Lewis-Mosley, who was also a nurse for more than four decades, working at New York-Presbyterian/Weill Cornell Medical Center in high-risk obstetrics, said "the degree and severity of what happens to Black and Latino women who are pregnant is distressing and the Catholic Church has not addressed it."
"So with this ruling, I want to know: How will we be authentically pro-life and address these issues?" said Lewis-Mosley.
Natalia Imperatori-Lee, a theologian at Manhattan College, said the June 24 decision "will endanger women's lives."
Referencing the Court's earlier decision on June 23, which struck down a New York state gun control law, Imperatori-Lee said: "On the heels of the court's ruling on guns yesterday, it is difficult to fathom whether 'pro-life' has any meaning at all beyond a continuation of this destructive culture war."
MT Dávila, a theologian at Merrimack College in Massachusetts, said the Court's decision made her reflect on the role of Catholic theological ethics.
"It is more important than ever to pursue ethical priorities and argumentation that centers the experiences of women and other gender minorities in considering the morality of contraception and other dimensions of reproductive health," she said. "We must clearly, compassionately, and legitimately declare that the term 'reproductive justice' implies that there are profound links between justice for persons who can get pregnant and racial, migrant, gender, economic, political, and social justice."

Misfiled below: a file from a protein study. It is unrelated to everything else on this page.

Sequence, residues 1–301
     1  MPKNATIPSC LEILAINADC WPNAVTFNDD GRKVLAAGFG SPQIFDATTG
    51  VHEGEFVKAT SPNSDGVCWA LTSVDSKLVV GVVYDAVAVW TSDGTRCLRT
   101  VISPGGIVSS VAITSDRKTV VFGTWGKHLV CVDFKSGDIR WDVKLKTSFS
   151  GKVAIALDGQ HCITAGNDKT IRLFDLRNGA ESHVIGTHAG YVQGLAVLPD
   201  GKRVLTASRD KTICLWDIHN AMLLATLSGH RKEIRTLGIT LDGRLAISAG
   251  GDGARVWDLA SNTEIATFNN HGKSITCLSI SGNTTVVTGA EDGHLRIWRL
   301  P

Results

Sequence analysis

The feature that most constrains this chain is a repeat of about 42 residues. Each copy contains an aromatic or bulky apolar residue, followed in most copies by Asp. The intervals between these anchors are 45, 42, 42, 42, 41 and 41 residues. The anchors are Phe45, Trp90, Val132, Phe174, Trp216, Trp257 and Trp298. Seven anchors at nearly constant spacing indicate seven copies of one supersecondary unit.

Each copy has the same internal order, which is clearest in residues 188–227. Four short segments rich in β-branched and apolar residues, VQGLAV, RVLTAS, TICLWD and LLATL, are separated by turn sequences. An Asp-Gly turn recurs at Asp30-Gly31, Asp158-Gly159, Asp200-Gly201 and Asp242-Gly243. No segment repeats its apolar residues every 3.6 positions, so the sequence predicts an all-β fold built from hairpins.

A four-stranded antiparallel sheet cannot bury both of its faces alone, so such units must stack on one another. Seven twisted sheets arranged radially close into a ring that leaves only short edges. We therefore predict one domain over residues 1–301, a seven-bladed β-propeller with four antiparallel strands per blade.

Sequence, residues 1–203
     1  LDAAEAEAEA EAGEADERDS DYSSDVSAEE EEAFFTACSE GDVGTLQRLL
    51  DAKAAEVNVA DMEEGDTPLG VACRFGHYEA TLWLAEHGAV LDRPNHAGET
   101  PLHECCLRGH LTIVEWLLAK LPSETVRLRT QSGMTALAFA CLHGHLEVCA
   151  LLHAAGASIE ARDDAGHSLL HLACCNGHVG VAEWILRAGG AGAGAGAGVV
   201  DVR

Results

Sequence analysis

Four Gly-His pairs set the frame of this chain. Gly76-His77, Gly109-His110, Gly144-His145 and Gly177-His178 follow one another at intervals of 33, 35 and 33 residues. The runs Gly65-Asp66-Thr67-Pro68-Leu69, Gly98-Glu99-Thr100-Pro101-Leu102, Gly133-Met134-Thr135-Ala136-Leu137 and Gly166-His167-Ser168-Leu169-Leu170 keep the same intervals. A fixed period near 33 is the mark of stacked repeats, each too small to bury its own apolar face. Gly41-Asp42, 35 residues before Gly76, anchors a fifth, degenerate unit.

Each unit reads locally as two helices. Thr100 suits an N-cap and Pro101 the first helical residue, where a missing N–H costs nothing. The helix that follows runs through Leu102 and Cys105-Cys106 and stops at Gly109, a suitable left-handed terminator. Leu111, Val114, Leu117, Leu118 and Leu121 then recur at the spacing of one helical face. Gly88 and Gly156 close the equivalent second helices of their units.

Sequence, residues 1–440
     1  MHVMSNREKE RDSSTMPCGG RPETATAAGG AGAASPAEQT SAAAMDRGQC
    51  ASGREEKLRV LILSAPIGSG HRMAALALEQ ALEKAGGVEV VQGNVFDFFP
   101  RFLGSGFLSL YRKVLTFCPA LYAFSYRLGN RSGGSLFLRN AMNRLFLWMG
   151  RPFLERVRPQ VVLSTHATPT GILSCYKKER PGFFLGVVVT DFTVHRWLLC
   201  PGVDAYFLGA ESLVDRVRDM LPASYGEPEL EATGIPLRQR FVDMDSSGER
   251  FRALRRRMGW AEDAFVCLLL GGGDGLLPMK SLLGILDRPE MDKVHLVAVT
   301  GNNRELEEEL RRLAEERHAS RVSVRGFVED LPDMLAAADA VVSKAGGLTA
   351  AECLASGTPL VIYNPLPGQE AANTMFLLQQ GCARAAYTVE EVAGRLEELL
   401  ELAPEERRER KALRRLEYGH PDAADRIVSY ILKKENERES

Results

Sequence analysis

The Catholic social justice advocacy group Network, founded in 1972 by a coalition of Catholic sisters, said in a statement that the court decision "will have deep ramifications in people's lives, many of whom may not even realize it yet."
"Undoing nearly half a century of precedent and jurisprudence will undoubtedly have a disorienting and destabilizing impact on our laws, the provision of maternal health care, and our already fraught civil discourse," the group said.
For those who have "made ending federal protections for abortion the singular focus of their political activity," Network said it is urging they expand their focus "to include the economic realities of women and families. Now is the time to listen to the experience of women, particularly women living in rural, low-income communities and women of color."
Catholic Charities USA said in a statement it "remains committed to walking in solidarity with all those who come to our doors, whether they are girls or women in crisis pregnancies or families facing challenging social, economic or housing circumstances."